Background: Sexual dysfunction (SD) has been reported to be more prevalent among HIV-positive patients in comparison with age-matched HIV-negative individuals. The aetiology of SD is multifactorial and includes endocrine alterations, peripheral and autonomic neuropathy, psychological aspects and vascular diseases.
Patients and Methods: In this cross-sectional study, we evaluated the prevalence of and risk factors for self-reported SD in a cohort of HIV-infected HAART-treated patients. SD evaluation was performed using the Female Sexual Function Index (FSFI) for women and the International Index of Erectile Function (IIEF) for men. All subjects were screened for anxiety by administering the Self Rating Anxiety State SAS 054.
Results: 152 patients were enrolled, 71.7% male, median age 45 (IQR 39-49) years. Median CD4+ T-cell count was 577 (IQR 373-842) cells/μl, HIV-1 RNA viral load was <50 copies/ml in 78.9% of patients. The median duration of HAART was 8.5 (IQR 4-13) years, 61.8% were taking a PI-based antiretroviral regimen, 36.2% a NNRTI-based one. 7% of women denied any sexual activity and were excluded from analysis. 58% of the remaining 141 subjects reported SD. SD was more frequent in men (65% vs 34%, p =0.0024, OR 3.5, 95% CI 1.6 to 8.2) and elderly subjects (≥50 years) (54% vs 28%, p =0.0029, OR 3.8, 95% CI 1.5 to 9.6). Of 71 men with erectile dysfunction (ED), 26.7% reported severe ED, 73.3% mild/moderate ED. 74 subjects (52.5%) had a z score ≥45 that was suggestive of anxiety. Logistic regression analysis confirmed that age (p =0.008) and male sex (p =0.0087) but not anxiety (p =0.068) were associated with SD.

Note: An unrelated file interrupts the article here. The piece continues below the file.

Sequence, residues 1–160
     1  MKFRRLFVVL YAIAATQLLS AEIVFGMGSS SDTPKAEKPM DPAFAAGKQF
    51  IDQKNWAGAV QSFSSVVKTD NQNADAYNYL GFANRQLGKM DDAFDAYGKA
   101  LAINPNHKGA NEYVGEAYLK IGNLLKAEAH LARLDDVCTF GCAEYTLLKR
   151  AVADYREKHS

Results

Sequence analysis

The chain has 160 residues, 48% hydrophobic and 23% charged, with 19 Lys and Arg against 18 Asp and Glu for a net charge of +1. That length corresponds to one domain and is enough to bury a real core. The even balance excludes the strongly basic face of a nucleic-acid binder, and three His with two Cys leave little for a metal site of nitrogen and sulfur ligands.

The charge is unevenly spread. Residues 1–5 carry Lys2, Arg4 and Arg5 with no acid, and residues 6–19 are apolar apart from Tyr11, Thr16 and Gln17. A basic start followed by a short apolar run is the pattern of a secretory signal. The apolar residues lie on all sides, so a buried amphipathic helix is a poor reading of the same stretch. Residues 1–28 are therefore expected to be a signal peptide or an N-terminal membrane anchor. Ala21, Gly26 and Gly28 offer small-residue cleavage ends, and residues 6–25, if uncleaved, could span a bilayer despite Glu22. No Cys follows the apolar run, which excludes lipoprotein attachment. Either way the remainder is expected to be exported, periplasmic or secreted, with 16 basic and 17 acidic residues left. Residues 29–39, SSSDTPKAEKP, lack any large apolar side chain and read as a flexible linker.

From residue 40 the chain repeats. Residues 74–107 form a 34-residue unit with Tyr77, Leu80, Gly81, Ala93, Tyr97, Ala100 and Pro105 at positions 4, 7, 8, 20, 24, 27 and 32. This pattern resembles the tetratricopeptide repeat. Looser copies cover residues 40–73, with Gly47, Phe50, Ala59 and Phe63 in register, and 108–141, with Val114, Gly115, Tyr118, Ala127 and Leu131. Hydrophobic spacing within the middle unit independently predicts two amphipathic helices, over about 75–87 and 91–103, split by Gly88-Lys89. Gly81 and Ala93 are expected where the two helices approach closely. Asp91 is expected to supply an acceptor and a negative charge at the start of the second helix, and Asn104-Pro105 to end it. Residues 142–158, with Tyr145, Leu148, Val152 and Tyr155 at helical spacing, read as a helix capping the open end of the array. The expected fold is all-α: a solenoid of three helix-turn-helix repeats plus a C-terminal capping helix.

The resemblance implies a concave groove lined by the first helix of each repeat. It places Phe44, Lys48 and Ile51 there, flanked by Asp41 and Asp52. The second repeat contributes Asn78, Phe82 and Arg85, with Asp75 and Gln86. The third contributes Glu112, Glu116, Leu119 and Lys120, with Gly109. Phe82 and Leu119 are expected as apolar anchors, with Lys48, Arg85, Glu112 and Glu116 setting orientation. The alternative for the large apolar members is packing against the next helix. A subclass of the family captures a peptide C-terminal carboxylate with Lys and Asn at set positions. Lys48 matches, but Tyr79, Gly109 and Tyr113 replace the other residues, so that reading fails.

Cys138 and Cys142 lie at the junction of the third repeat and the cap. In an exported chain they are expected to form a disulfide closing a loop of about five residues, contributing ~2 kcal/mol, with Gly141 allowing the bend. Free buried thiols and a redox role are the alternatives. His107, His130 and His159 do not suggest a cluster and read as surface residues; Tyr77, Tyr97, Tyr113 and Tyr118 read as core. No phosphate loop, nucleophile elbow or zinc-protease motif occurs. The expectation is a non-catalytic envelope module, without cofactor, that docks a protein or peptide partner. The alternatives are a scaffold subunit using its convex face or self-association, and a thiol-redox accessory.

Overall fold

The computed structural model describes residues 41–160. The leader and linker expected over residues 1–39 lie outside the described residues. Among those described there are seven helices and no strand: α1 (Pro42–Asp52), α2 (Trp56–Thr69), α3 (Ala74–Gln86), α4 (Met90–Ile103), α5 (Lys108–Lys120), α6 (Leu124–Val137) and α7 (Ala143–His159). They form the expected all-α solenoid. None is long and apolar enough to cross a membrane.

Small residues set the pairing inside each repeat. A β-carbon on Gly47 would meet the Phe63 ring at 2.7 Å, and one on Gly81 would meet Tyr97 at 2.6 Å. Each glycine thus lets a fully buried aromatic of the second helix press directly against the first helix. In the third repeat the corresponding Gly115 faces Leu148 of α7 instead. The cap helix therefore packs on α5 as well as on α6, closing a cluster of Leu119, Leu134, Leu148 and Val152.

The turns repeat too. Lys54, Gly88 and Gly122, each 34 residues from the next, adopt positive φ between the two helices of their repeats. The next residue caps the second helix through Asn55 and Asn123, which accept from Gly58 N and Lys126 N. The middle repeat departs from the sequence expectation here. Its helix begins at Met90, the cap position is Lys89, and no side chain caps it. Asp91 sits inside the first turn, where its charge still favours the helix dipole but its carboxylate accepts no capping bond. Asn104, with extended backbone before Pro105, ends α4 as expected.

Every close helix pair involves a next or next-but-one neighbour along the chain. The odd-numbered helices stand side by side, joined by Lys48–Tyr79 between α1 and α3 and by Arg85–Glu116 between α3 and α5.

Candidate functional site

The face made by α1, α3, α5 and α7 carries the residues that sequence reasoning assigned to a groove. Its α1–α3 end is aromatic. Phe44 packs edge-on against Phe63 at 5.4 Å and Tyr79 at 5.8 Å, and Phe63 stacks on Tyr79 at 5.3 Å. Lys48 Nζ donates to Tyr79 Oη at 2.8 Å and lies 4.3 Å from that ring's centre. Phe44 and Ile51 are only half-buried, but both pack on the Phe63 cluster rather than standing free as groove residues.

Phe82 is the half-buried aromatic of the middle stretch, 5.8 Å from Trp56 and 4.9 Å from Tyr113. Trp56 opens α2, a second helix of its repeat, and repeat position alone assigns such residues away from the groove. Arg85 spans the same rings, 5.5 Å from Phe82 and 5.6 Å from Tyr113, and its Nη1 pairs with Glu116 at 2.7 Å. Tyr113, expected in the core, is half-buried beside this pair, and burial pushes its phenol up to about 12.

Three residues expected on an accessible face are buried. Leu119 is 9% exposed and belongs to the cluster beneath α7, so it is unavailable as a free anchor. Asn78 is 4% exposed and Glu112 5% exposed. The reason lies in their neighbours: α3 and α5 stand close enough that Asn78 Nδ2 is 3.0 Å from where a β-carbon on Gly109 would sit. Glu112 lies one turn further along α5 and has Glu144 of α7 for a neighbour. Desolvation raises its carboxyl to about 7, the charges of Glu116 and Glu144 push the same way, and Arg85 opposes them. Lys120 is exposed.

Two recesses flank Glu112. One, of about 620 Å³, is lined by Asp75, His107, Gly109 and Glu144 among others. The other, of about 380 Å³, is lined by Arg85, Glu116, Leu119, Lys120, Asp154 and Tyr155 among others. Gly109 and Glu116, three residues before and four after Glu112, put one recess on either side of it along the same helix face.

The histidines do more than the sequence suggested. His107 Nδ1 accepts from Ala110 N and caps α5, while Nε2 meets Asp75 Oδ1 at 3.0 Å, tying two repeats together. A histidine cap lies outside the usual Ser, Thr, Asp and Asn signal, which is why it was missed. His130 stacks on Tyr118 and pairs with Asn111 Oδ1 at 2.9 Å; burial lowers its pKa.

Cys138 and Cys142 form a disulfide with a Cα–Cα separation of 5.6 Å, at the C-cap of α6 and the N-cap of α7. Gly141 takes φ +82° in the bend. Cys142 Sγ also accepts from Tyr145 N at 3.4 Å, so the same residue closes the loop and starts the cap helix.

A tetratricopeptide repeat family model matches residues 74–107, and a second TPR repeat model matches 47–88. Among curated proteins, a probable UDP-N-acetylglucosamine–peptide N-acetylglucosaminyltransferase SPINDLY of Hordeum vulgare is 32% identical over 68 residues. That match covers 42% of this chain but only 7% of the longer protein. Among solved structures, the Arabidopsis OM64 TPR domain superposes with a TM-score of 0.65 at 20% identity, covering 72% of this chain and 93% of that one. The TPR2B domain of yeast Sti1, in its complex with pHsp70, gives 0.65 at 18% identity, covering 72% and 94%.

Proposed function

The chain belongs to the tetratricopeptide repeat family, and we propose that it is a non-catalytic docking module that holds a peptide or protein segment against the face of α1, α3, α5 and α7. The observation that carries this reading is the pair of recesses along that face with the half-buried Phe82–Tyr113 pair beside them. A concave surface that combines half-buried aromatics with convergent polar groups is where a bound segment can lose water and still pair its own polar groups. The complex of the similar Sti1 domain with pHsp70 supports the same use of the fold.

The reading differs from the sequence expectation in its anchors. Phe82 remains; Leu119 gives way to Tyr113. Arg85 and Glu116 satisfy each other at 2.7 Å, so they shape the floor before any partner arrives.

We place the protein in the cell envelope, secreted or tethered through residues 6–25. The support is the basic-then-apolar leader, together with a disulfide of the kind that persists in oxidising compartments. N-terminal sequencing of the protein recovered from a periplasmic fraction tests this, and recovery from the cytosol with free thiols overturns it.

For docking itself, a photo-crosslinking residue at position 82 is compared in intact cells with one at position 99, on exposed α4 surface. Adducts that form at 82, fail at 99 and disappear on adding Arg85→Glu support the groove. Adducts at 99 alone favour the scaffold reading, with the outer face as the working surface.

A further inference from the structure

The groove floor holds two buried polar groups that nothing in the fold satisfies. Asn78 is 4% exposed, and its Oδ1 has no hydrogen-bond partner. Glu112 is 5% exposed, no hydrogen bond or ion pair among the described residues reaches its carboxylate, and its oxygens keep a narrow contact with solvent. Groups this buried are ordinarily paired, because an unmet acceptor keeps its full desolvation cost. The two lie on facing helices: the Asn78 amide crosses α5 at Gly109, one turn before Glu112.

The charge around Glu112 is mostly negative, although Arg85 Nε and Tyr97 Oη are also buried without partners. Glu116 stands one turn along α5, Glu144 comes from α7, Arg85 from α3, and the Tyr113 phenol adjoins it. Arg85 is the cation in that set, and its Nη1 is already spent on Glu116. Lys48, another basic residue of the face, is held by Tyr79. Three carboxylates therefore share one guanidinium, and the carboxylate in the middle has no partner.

Conclusions: SD was highly prevalent among HIV-positive patients and was associated with male sex and increasing age. A greater understanding of factors associated with SD may help developing focused intervention strategies to improve the quality of life of HIV-infected subjects.
To cite this article
Self-reported sexual dysfunction in HIV-positive subjects: a cross-sectional study
Infectious Diseases & Tropical Medicine 2015; 1 (2): e104
Published online: 15 Jul 2015
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